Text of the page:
Bloomberg will work with the Planned Parenthood Federation of America to identify groups that could benefit from extra funding in each of the four countries. Organisations working among marginalised groups such as young people and unmarried women will be a particular focus for the scheme, which will also support agencies that lobby their governments for legislation and policies that support access to services.
As part of the package, Bloomberg is partnering with the UN Foundation to launch a rapid-response grants programme to support governments and providers in delivering reproductive health services in 69 of the world’s poorest countries. This could include providing grants to pay for emergency supplies of contraceptives when there is a stockout at a health centre, or paying for specialised training for health workers.

Bill Frist: Contraception Is A Pro-Life Cause In Developing World

Friday, March 28th, 2014

Bill Frist: Contraception Is A Pro-Life Cause In Developing World

See: http://time.com/33905/bill-frist-contraception-is-a-pro-life-cause-in-developing-world/

When it comes to the health of children and mothers worldwide, there are immense challenges yet many signs of hope.

Over 6.9 million children die every year in the developing world from preventable, treatable causes. While the loss of these children is a tragedy of epic proportions, the good news is that over the last six years, this number has been lowered by 35%. We know we can combat newborn mortality and enhance child survival. Simple, low-cost measures are being taken to ensure better health for these children around the world. Measures like oral rehydration therapy, bed nets to prevent malaria, and access to immunizations have accelerated the rate of reducing child mortality in developing nations.

With an increased focus on maternal, newborn, and child health over the past few years, the global community has seen real progress against daunting challenges. An underappreciated part of that story is healthy birth spacing and timing, or family planning, which has a profound effect on the survival and quality of life of both mothers and children. As Michael Gerson, former speechwriter for President George W. Bush and Washington Post columnist, puts it, “family planning is a pro-life cause.

See: http://time.com/33905/bill-frist-contraception-is-a-pro-life-cause-in-developing-world/

Without RH law, contraceptives will run out in Payatas

Friday, March 28th, 2014

Without RH law, contraceptives will run out in Payatas

See: http://www.rappler.com/nation/53399-rh-law-contraceptives-women-payatas

MANILA, Philippines - “Pigilan yung pagdami ng anak. Yun ba yun? Baka mali ako.” (Stop the increase of the number of children. Is that it? I may be wrong.)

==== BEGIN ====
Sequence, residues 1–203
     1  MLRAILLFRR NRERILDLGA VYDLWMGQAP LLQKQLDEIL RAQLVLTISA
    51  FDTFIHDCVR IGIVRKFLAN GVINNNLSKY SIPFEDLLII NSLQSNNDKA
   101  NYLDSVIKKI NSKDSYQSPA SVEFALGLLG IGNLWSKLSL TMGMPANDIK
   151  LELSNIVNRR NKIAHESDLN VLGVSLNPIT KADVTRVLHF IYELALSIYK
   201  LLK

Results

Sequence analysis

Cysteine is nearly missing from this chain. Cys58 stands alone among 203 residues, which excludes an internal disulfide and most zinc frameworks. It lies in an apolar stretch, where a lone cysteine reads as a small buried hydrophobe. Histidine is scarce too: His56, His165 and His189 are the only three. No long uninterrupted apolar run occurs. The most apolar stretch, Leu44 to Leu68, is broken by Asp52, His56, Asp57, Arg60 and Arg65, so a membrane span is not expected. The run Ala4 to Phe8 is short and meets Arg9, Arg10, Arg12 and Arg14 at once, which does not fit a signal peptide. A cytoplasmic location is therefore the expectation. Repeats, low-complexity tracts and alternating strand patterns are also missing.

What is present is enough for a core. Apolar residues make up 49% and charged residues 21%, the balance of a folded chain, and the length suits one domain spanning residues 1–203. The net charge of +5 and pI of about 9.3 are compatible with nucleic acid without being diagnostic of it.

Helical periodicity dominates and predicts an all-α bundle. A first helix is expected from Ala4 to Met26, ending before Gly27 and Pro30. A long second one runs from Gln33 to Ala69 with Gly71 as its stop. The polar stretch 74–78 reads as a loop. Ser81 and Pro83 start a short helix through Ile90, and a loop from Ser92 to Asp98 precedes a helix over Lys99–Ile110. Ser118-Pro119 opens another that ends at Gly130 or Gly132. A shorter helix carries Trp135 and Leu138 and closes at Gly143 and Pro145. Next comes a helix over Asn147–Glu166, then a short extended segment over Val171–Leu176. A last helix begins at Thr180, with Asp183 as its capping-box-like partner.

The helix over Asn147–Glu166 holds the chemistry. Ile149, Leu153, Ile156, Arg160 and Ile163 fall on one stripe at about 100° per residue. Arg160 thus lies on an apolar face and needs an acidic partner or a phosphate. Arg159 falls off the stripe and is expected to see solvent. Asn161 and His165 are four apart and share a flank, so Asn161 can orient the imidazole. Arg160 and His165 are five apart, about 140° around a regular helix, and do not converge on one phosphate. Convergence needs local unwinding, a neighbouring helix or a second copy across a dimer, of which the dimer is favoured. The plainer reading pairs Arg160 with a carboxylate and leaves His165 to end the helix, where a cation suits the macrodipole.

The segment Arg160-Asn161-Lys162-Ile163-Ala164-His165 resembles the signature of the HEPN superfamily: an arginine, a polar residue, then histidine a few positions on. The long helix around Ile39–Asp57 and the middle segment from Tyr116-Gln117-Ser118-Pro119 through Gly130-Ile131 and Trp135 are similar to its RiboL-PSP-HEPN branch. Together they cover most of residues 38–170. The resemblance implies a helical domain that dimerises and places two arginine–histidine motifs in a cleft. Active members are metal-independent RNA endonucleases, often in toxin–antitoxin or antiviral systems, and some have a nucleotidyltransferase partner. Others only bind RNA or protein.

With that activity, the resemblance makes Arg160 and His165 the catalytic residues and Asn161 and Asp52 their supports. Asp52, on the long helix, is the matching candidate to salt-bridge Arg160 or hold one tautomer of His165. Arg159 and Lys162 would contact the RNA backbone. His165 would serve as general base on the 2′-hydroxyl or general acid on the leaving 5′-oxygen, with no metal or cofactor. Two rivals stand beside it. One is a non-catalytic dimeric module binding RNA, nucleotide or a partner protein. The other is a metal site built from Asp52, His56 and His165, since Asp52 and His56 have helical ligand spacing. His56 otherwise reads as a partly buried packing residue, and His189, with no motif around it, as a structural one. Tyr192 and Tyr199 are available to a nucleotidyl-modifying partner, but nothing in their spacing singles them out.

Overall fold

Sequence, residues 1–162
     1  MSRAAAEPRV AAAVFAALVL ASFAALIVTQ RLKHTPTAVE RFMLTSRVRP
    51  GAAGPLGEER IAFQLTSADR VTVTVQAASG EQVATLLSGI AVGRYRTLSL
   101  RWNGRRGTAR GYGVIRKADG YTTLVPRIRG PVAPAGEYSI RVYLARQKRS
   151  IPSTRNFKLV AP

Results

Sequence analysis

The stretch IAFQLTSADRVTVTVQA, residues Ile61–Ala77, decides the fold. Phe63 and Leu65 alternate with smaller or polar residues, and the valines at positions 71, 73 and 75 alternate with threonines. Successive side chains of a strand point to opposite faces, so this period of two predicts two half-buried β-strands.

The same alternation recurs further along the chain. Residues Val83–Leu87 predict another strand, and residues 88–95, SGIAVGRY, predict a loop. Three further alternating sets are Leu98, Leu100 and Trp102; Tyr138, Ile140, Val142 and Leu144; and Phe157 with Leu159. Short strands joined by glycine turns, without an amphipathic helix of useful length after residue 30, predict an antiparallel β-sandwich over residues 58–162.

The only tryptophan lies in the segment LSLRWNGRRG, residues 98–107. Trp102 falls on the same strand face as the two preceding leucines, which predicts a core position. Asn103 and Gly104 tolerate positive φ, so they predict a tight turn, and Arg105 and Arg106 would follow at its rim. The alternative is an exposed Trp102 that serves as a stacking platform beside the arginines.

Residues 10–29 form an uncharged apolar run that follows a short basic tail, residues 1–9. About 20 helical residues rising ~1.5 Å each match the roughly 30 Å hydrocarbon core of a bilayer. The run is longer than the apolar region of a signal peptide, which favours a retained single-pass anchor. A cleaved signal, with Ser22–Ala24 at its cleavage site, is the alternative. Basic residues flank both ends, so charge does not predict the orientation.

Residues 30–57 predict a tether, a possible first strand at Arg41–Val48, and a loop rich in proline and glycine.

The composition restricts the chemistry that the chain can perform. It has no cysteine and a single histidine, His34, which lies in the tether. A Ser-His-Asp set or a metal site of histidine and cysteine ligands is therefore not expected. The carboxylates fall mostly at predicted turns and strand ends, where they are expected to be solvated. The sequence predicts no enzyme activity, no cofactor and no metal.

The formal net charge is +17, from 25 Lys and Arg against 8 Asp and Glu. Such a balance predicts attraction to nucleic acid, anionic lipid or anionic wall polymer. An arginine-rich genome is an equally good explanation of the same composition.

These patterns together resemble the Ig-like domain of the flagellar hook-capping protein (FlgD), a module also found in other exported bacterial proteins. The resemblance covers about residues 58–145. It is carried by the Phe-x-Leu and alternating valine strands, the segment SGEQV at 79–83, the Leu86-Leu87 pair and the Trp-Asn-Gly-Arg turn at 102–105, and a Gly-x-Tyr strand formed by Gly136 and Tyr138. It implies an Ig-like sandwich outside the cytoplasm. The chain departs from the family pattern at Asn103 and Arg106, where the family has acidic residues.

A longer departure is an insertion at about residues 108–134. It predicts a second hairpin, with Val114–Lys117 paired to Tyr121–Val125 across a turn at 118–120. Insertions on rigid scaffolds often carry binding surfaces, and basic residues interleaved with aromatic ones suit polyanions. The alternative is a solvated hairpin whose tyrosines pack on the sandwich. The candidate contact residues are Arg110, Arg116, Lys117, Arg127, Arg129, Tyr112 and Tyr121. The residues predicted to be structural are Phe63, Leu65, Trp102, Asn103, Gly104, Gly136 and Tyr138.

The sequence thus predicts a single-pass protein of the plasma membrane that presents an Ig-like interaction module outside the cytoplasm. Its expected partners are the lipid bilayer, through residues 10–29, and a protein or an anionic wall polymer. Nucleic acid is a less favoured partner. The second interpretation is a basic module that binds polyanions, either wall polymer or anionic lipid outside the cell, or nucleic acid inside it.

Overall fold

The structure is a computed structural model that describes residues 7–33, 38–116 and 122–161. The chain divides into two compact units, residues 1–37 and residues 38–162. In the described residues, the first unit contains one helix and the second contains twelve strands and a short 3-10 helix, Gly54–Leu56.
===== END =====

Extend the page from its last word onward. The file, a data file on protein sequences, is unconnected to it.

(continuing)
Marife Zaragoza, 36, only hears about the Reproductive Health (RH) law from television. She doesn’t know it’s a law that took almost 14 years to pass. Nor does she know it’s a law that has been stalled in the Supreme Court since a year ago.
After this writer explained it to her briefly, she smiled and agreed with health advocates the RH law is needed. She’s tired of giving birth, she said, even if one more baby – her 5th child – is still on the way.
Her disposition on child birth today is a far cry from when she was 19. She was then living with her boyfriend, and very happy about being pregnant – so happy that even if she lost her first, unplanned baby to a miscarriage, it took only a month before she was pregnant again.
When they met, her boyfriend was a security guard. Today, 17 years after, he is still a security guard, only now he’s providing not only for Marife, but also for 3 daughters, a son, and the baby in her womb.
“Aminin ko hindi lahat maibigay [ko] sa kanila. Kaya nagdesisyon ako ngayon, nitong panghuli, gusto kong ma-ligate na,” Marife said. (I will admit I can’t give my children everything. That’s why I decided that after this last child, I want to be ligated already.)

TV Lowers Birthrate (Seriously)

Friday, March 28th, 2014

TV Lowers Birthrate (Seriously)
See: http://www.nytimes.com/2014/03/20/opinion/kristof-tv-lowers-birthrate-seriously.html

In the struggle to break cycles of poverty, experts have been searching for decades for ways to lower America’s astronomical birthrate among teenagers.

We’ve tried virginity pledges, condoms and sex education. And, finally, we have a winner, a tool that has been remarkably effective in cutting teenage births.

It’s “16 and Pregnant,” a reality show on MTV that has been a huge hit, spawning spinoffs like the “Teen Mom” franchise. These shows remind youthful viewers that babies cry and vomit, scream in the middle of the night and poop with abandon.

Tweets containing the words “birth control” increased by 23 percent on the day after each new episode of “16 and Pregnant,” according to an analysis by Melissa Kearney of the University of Maryland and Phillip B. Levine of Wellesley College. Those tweets, in turn, correlate to increased Google searches along the lines of “how get birth control pills.”

Kearney and Levine find that regions with a higher audience for “16 and Pregnant” and the “Teen Mom” franchise had more of a drop in teenage births. Over all, their statistical analysis concludes that the shows reduced teenage births by 5.7 percent, or 20,000 fewer teenage births each year. That’s one birth averted every half-hour.

See: http://www.nytimes.com/2014/03/20/opinion/kristof-tv-lowers-birthrate-seriously.html